So, I’m driving into work on Christmas Eve morning, not marveling at how light the traffic is on Route 2 in Carthage, Dixfield, Mexico and Rumford. Or keeping an eye peeled skyward for a glimpse of reindeer pulling a sleigh.

No, I’m scanning roadside woods at 45 mph, looking for signs of beech bark disease so I can stop and photograph it. Signs such as rough bark pockmarked with small cankers. But all I see are young, healthy-looking beech with smooth, silvery bark; dead leaves still clinging to branches.

Figures. When you want to find something, you can’t. But when I was maintaining sections of the Appalachian Trail in Maine in Oxford, Somerset and Piscataquis counties, diseased beech and yellow birch were forever falling across the trail.

Usually it was single trees snapping off about six or seven feet off the ground, or large old trees, and then there were the nightmarish tangled clusters, sometimes joined by softwoods for several hundred feet through mixed hardwood stands.

And I didn’t really know why. I just knew I had to don my Kevlar equipment, helmet and safety visor and get to work with my chain saw to reopen the trail.

I figured it was damage from the Ice Storm of ’98. But had I talked with a forest ranger or forester, I could have learned that beech are being killed off by Nectria coccinea var. faginata. It’s a fungi that invades after the bark is attacked and changed by beech scale insects, Cryptococcus fagisuga. The one-two killer punch has been recorded in Maine since 1932, but it’s worsening.

Anything with a Cryptococcus name can’t be good for trees.

On some of my trail sections, it was so bad that I’d forgo the walk-through inspection sans gear every spring and just hike in after snowmelt, wearing my safety gear and lugging the saw, and enough fuel and oil for about 12 hours of work.

Sometimes it would take a few days of work to clear the path, and I often wondered what the heck was happening.

Well, now I know, thanks to a Forests for Maine’s Future newsletter I received on Wednesday by email and an article within from the University of Maine at Orono.

According to UMaine researcher William Livingston of the School of Forest Resources, warmer winter temperatures from 1999 to 2002 allowed populations of the invasive, bark-feeding scale insect to explode.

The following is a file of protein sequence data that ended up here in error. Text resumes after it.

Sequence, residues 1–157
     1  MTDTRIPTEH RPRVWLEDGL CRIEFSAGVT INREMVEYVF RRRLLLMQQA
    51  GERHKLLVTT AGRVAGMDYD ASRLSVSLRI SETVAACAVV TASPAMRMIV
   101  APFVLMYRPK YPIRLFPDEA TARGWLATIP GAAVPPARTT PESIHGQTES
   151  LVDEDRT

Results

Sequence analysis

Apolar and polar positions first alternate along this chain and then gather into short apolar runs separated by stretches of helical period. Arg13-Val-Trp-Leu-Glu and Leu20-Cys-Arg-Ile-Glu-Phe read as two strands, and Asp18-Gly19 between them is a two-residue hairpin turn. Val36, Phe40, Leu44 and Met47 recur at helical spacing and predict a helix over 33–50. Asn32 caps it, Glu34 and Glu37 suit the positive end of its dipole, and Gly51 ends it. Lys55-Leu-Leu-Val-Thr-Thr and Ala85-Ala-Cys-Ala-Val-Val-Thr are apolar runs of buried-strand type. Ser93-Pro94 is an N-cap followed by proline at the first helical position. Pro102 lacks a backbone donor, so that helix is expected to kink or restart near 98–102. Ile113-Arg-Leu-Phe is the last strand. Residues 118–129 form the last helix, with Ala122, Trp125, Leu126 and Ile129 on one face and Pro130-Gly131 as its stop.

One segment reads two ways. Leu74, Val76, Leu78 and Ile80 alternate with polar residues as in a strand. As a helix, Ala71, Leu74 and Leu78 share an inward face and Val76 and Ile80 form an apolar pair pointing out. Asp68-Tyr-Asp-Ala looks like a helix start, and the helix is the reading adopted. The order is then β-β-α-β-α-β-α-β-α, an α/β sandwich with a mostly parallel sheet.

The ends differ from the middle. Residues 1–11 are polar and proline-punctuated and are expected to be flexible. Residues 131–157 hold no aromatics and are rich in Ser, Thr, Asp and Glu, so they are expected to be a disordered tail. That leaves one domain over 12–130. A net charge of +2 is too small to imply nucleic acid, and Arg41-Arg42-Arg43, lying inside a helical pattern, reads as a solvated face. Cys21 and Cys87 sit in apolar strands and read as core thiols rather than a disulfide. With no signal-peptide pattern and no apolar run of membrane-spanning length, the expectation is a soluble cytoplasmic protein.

This resulted in beech trunks turning white with millions of scale insects. Insect feeding and severe drought at the time weakened the trees’ resistance to fungal infections, and many trees died.

In 2003, beech tree mortality rates in northern Somerset, Penobscot and Piscataquis counties increased sharply, the article states. Both diseased and healthy trees that lived for decades began to die.

After 2002, subzero winter temperatures returned along with normal summer rains and scale insect populations vanished, the article stated.

Livingston and former UMaine graduate student Matthew Kasson did a study, taking hundreds of core samples of affected trees and comparing growth patterns to meteorological records.

What they learned is that warmer winters are bad news for beech trees.

They found a heightened incidence and severity of beech bark mortality and widespread presence of the fungus Neonectria.

“Even though (beech bark disease) has been in Maine for decades, combinations of warmer winters and droughts are associated with unprecedented levels of beech tree mortality,” said the pair, who published their findings in the journal Forest Pathology.

Their findings are worrisome, although I gave up my Appalachian Trail sections due to diabetes a few years ago and no longer deal with the results myself. 

Still, where last winter began warm as is this winter, it doesn’t bode well for beech or for our wildlife that depend on beechnuts for survival, like black bears in the northern forest.

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